Unit 61398: Inside China’s State-Sponsored Cyber Warfare

Hacking for the state: Unmasking Unit 61398 and the chilling truth about China's State-Sponsored cyber warfare

By Neeraj Mahajan

Opinion


FBI Director Christopher Wray dropped a bomb shell during a House hearing in Washington DC on April 11, 2024 when he claimed that China was developing the ability to physically wreak havoc on critical US infrastructure and its hackers were waiting for just the right moment to deal a devastating blow. Chinese government-linked hackers have burrowed into US critical infrastructure in a wide range of sectors like telecommunications, energy,  water and other critical sectors and are waiting “for just the right moment to deal a devastating blow”, he warned.

China is developing the “ability to physically wreak havoc on our critical infrastructure at a time of its choosing”, Wray said.

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 “Its plan is to land low blows against civilian infrastructure to try to induce panic,” he added.

“China’s hackers are positioning on American infrastructure in preparation to wreak havoc and cause real-world harm to American citizens and communities, if or when China decides the time has come to strike,” Wray said.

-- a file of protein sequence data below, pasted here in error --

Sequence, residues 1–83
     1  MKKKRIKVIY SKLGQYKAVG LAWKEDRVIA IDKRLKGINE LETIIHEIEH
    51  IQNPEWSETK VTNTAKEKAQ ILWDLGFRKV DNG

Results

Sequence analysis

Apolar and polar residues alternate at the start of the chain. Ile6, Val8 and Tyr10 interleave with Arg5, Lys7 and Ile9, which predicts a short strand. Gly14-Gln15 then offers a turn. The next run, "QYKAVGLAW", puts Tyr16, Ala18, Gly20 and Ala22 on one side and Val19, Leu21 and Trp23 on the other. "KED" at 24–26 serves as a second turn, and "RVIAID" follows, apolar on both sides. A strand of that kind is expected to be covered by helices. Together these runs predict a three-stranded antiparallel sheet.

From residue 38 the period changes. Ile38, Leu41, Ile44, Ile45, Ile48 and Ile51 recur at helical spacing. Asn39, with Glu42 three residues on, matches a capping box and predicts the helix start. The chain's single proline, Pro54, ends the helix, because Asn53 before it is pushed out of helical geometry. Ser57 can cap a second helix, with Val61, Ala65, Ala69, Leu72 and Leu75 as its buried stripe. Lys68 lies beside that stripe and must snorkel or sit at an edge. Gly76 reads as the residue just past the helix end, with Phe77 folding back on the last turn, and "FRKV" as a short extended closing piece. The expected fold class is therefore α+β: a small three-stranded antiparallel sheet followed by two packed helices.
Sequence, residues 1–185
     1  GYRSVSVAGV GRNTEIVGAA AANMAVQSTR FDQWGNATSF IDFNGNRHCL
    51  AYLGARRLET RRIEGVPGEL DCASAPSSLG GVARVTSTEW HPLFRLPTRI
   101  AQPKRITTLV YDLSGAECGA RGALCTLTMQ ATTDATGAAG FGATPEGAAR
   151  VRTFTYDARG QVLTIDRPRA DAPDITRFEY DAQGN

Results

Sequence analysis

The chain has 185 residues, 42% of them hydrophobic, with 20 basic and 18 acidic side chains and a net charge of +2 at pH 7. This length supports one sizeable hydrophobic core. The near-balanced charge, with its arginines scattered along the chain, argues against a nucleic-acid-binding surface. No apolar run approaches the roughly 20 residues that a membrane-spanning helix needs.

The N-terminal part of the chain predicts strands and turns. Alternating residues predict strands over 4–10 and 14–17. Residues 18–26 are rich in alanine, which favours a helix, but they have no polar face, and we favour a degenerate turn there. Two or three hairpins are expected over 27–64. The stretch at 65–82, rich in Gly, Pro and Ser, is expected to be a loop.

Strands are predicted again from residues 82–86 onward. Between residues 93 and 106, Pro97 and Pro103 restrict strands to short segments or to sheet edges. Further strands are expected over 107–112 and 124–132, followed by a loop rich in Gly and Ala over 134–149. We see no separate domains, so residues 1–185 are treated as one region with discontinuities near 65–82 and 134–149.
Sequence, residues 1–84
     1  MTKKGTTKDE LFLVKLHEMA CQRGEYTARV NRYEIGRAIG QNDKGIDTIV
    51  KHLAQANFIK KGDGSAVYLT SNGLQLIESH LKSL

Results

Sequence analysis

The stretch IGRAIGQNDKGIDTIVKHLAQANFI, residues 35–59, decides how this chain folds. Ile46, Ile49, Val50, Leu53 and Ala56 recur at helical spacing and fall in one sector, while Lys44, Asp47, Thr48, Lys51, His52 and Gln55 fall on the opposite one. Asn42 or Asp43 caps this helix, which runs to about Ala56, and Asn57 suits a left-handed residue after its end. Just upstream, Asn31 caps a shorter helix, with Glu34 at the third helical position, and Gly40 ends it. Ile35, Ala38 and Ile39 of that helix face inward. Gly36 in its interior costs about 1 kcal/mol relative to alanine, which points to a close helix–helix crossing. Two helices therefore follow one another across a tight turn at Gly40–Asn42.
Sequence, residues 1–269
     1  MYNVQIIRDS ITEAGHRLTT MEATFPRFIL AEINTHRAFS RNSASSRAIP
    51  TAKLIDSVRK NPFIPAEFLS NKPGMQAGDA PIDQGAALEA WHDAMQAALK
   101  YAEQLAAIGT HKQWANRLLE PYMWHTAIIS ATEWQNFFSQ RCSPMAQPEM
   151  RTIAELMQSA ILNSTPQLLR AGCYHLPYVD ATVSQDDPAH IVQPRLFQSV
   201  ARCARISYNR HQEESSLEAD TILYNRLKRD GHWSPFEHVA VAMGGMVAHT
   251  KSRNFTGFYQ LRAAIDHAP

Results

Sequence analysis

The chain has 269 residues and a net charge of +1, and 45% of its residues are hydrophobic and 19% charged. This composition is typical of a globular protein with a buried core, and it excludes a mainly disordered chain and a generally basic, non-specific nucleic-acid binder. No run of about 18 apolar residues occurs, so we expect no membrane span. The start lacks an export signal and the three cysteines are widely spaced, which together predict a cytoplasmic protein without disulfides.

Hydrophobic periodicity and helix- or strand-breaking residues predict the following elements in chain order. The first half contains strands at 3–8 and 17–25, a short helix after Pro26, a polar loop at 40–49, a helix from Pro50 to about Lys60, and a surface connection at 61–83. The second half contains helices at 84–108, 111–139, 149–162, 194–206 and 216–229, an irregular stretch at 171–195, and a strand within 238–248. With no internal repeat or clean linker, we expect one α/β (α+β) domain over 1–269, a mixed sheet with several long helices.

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Echoing similar sentiment Jen Easterly, the director of the Department of Homeland Security’s Cybersecurity and Infrastructure Security Agency said, “This is a world where a major crisis halfway across the planet could well endanger the lives of Americans here at home through the disruption of our pipelines, the severing of our telecommunications, the pollution of our water facilities, the crippling of our transportation modes – all to ensure that they can incite societal panic and chaos and to deter our ability [to marshal a sufficient response].”

China’s hackers both state-sponsored and independent hacking groups operating within its borders, have been in the news in recent years for activities like intellectual property theft, espionage, and cyberattacks against foreign governments, organizations, and individuals.

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The Chinese government is believed to have a complex network of cyber units, including the notorious Unit 61398 of the People’s Liberation Army (PLA), which has been linked to numerous high-profile cyberattacks on government agencies, defence contractors, technology companies, and human rights organizations.

Unit 61398, also known as APT1 (Advanced Persistent Threat 1), is a cyber-espionage unit of the People’s Liberation Army (PLA) that reportedly operates out of a 12-story building in Shanghai, China.

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The unit is believed to be part of the People’s Liberation Army (PLA) and specifically linked to the PLA’s 2nd Bureau of the General Staff Department’s 3rd Department, which is responsible for cyber operations.